The Beveridge Curve
David R. Kotok
May 4, 2012
“I have a thousand things to do”
–the reported last words of British economist William Beveridge, as he sat up in bed while still working on his eighth and only unfinished book, History of Prices.
The classic eponymous Beveridge Curve “is a graphical representation of the relationship between the unemployment rate and the job vacancy rate. It typically has vacancies on the vertical axis and unemployment on the horizontal. The curve slopes downwards as a higher rate of unemployment normally occurs with a lower rate of vacancies. If it moves outwards over time, then a given level of vacancies would be associated with higher and higher levels of unemployment, which would imply decreasing labor market efficiency. Inefficient labor markets are due to mismatches between available jobs, the unemployed and an immobile labor force.” (Wikipedia definition)
We have constructed a Beveridge Curve:
Source: Bureau of Labor Statistics, Current Population Survey and Job Openings and Labor Turnover Survey, April 10, 2012, Cumber.com
We used the U6 unemployment rate and the job vacancy rate. The statistics source is the Bureau of Labor Statistics (BLS). We selected the U6 instead of the U2 because it includes working folks who are earning much less than their former labor income. We think that such folks would seek to fill a job vacancy for higher pay if they were qualified and if they could relocate to that job.
We decided to focus on the Beveridge Curve for the US rather than today’s (Friday) employment report. It has received so much attention and debate that it competes with the Kentucky Derby as a gambling event.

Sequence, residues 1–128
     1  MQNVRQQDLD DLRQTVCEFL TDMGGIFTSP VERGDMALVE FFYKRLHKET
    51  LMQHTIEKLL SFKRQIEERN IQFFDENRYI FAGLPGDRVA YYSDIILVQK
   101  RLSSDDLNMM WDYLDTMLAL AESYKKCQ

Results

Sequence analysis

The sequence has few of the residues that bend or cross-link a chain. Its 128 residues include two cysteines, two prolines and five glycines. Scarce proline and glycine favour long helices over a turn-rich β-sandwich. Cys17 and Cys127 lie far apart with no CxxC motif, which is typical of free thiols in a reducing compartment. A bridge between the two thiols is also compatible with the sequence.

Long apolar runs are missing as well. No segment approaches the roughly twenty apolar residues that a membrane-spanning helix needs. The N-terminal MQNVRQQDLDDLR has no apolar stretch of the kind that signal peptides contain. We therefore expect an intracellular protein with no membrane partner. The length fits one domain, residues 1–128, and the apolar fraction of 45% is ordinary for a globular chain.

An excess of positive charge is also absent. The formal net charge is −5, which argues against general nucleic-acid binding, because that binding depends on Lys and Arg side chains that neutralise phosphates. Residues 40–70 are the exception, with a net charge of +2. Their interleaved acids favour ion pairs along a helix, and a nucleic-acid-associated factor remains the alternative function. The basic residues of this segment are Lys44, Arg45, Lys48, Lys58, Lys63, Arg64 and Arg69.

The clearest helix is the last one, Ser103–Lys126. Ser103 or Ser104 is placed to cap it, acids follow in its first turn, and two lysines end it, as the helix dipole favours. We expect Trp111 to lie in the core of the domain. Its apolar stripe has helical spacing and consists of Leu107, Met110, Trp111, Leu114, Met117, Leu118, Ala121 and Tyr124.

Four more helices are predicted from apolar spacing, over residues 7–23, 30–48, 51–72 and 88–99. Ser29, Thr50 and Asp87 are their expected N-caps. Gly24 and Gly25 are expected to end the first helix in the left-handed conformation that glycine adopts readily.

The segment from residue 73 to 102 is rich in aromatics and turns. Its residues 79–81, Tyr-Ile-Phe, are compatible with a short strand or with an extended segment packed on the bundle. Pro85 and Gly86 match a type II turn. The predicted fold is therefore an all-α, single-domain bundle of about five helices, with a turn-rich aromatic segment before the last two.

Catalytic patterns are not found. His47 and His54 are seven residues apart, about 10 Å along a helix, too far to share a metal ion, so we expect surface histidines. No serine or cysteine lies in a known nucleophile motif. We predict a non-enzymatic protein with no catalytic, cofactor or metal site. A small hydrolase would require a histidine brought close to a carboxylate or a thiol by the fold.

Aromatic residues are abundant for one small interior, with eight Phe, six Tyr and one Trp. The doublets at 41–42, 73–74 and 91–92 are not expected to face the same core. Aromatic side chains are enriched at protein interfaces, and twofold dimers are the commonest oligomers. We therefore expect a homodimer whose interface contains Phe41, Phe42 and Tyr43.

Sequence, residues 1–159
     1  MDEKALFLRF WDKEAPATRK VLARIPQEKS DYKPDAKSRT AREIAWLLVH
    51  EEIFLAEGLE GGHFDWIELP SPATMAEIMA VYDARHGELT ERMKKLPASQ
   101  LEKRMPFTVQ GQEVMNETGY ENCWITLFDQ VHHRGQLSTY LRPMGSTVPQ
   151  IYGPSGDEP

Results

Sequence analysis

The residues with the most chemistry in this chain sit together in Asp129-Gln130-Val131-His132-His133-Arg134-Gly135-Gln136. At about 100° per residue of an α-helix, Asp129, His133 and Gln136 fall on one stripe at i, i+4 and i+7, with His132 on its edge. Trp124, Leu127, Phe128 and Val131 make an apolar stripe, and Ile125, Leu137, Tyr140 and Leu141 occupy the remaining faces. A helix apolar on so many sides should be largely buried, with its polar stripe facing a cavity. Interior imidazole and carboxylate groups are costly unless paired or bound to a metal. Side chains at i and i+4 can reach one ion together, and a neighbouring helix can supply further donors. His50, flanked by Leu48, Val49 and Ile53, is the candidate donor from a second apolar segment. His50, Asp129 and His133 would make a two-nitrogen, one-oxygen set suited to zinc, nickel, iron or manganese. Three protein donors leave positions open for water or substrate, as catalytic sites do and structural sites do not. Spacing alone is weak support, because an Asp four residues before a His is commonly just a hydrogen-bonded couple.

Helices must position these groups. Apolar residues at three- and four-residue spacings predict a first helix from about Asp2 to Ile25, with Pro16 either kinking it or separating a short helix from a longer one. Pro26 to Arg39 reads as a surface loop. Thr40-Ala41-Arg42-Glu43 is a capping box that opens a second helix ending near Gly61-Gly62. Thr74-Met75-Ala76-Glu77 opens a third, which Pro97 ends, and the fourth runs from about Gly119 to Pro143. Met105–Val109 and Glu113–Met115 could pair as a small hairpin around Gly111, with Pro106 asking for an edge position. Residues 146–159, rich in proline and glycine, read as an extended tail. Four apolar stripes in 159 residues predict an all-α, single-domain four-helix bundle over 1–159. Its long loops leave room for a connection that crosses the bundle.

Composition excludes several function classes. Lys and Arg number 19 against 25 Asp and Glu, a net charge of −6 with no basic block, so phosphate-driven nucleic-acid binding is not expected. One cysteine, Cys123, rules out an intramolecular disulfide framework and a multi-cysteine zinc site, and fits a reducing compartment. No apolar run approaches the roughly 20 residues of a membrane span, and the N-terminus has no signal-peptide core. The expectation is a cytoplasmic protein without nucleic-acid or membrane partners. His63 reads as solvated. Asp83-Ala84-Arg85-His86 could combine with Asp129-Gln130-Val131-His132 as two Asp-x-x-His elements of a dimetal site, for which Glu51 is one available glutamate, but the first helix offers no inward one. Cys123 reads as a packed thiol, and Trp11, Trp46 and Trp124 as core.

For the last decade the B-curve has been moving downward and out to the right. That suggests the change in the labor force in the US is structural and not cyclical. We have color-coded sections of the curve. They are labeled “Expansions” (economic recoveries) and “Recessions” (there are two recessionary periods). For recessions we are using the NBER definition.
Notice how the longer-term structural trend is temporarily reversed in each of the cyclical recoveries. Also notice how the cyclical recovery is not strong enough to overcome the longer-term downward trend. The most recent recovery is still underway and shows the nature of the slow repair to the labor force and the continuing jobs vacancy issue. This B-curve says that we are improving and that we doing so from a very low level. It does not say if we will reverse the longer-term structural trend. The most recent employment report (today) gives us no comfort in this regard.
Can the United States reverse the longer-term trend? What happens if it does? Or does not? Does it take a housing market recovery to permit mobility to return to the labor force? Are there unfilled jobs in some industries because there are too few well-trained workers who seek them? That seems to be the case in IT and healthcare.
The B-curve does not explain why it acts as it does. It does say that the longer-term structural trend is intact as of the most recent data point. That suggests the ongoing economic recovery will remain at a slow pace.
For markets this means lower levels of labor cost pressure will be with us for a while. That means low inflation pressure, higher profits, and a continuation of Federal Reserve policy focused on low short-term interest rates.
That combination is bullish for stocks for the time being. It is also and only bullish for bonds as long as the Fed makes no noises about changing policy to an earlier tightening. So far, that is the position of the majority of the Fed decision makers. We remain fully invested.
David R. Kotok, Chairman and Chief Investment Officer